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Kris_A

A book to read if you're into AI

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Kris_A    182
I've been reading this fantastic book by Jeff Hawkins (the founder of Palm Computing, and the inventor of the PalmPilot). It's called 'On Intelligence' and you can buy it from Amazon and probably eBay. The ideas that he expresses in his book are so different to the stuff that most neuroscientists are caught up on, they actually end up making a lot more sense. His theory revolves around two basic principles: Patterns and Prediction. He believes that every cell in the cortex (the part of the brain that seperates mammals from the rest of the animals) has the exact same function, and in large groups, when joined together they form the ability to recognise and repeat patterns of data. This means that every sense we have - vision, smell, touch, sight and hearing, are all processed in the same way. They just seem different to use because of the different types of data pattern. Although this is just a theory , it's been proven (apparently) in his very own neuroscience lab. There's too much to go into great detail, but if you enjoy reading about A.I, it's a nice breath of fresh air. Edit: He has a website too, with a forum to ask questions and stuff on

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pinacolada    834
Hey I just finished that book too! I really liked it as well. It's nice to see someone getting back to the connectionist, human-inspired school of AI (ie neural networks), which seems to be less than popular these days. Personally I am a big fan of connectionism, and am working on an experimental NN project at home.

His theory does a great job of explaining how the brain is able to filter through all the data coming in, and to draw attention to new things. But I don't know if his theory really goes the whole 9 yards. He makes it sound like his theory is the whole story, but there's a lot of stuff to which he doesn't seem to give a satisfying answer.

One of those things is decision making. I think his book says something like "when you want to move your hand, you first form a prediction that your hand will move, and the prediction is what causes your hand muscles to activate". This seemed pretty weird to me. And it doesn't really say at which point the brain decided to move the right hand, instead of say, the left foot.

Another area that could use more details is memory formation. All he really talks about is Hebbian learning, which is something that's been around for years. But so far, models based solely on Hebbian learning don't get very far. Either a) no one has yet made an accurate-enough model of the neuron, or b) there are other mechanisms involved in learning that we don't know about.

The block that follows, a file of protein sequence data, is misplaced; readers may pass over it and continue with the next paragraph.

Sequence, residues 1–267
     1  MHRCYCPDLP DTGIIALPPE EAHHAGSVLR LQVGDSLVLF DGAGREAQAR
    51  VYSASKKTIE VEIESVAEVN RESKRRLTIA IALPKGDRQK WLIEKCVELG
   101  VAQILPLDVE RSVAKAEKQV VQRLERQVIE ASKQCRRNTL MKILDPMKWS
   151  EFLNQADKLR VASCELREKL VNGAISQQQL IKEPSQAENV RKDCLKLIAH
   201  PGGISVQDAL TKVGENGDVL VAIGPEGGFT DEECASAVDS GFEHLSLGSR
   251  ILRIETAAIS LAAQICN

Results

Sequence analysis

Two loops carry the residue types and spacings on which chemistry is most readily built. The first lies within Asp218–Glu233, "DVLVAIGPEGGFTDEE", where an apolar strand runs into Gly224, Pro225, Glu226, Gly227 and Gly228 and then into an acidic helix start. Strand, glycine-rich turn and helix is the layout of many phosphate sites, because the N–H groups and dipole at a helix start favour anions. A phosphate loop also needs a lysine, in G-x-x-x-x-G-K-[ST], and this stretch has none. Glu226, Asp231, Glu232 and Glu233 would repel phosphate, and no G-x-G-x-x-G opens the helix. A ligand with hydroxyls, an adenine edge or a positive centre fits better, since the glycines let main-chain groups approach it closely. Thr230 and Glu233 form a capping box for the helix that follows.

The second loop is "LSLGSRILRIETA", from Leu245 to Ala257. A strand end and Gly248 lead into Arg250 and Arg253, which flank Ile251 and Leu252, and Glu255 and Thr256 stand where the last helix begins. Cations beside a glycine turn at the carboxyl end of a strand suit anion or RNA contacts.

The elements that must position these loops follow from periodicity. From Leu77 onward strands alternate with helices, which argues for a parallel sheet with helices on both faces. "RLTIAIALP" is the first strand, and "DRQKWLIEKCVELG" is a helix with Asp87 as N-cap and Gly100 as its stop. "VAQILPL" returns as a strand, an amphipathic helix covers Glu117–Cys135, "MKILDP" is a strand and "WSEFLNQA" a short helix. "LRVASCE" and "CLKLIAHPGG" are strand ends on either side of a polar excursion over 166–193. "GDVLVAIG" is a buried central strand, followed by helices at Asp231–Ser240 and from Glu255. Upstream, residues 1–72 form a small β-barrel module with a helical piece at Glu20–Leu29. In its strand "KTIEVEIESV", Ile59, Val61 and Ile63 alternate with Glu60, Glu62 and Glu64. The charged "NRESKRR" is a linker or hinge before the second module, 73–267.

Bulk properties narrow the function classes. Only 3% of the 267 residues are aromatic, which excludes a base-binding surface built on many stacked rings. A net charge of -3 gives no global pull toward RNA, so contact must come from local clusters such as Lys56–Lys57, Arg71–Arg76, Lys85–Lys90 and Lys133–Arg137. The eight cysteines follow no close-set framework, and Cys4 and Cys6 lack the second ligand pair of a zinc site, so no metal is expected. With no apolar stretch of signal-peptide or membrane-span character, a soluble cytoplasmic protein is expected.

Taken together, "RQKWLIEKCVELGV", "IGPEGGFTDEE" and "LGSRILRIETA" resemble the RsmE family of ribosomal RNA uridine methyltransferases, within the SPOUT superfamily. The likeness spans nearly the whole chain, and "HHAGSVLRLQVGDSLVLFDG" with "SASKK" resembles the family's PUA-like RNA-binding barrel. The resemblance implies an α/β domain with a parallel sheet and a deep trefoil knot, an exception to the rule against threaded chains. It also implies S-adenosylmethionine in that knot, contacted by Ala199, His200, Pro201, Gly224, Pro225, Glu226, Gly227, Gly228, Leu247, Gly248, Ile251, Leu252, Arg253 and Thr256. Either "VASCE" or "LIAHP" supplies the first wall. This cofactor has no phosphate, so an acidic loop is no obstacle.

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NickGeorgia    580
Haven't read the book myself, but I like NN's. One of the things I have on my mind is the switching of modes. Like you say pina, when does the hand decide to move and such. I view that as a discrete decision so that is a mode. Examples are moving hand, moving foot, walking, running, dancing, etc. In each of these modes we are doing something that a neural network can model. We might view this as switching between neural network models or other types of models. A higher decision making process determines the sequence of modes. It's just an idea I have, but I think there is a way that the brain models these discrete modes and dynamic time-driven behaviors. The interesting things are how do we learn new modes and relate these to the time-driven stuff. Well, when I get time I am trying to develop a framework for AI and such.... Too many discrete modes at work right now for me to think straight.

In a game, we are modeling a world so the more detailed and open it is, the more interesting behaviors that can arise. Anyway, I'm so tired, I'm not sure any of this made sense. Talk to ya later.

[Edited by - NickGeorgia on July 20, 2005 5:50:58 PM]

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Guest Anonymous Poster
NickGeorgia, you might be interested in Hidden Markov Models (HMMs) and/or Switching Linear Dynamic Systems (SLDS) for learning switching behavior like you described.

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NickGeorgia    580
Thanks, yeah I know of these models. I am considering all kinds. Too be more general, I am looking at systems called "hybrid" systems which mix both time- and event-driven dynamics. Right now, at the top level I am considering Petri nets and and the low level some kind of AI framework that can learn such as NN's or Fuzzy Neural Networks or Neuro Fuzzy... etc. The hard part is making the Petri Net system pick up new modes in a learning scheme. I'm still considering the others as possibilities and I'm pretty sure there is a type of Petri net floating out there with something similiar to Hidden Markov. Hybrid Petri nets might be suitable since they could do something like Switched Linear, but I don't know if the framework has been developed enough. Also, I might try a Perceptron NN at the top level (levels of abstraction) and Multilayer Neural Networks at the low level (the predictions, etc.)

Edit: Also gotta make sure it's practical to be used in a game computation wise.

[Edited by - NickGeorgia on July 20, 2005 11:04:13 PM]

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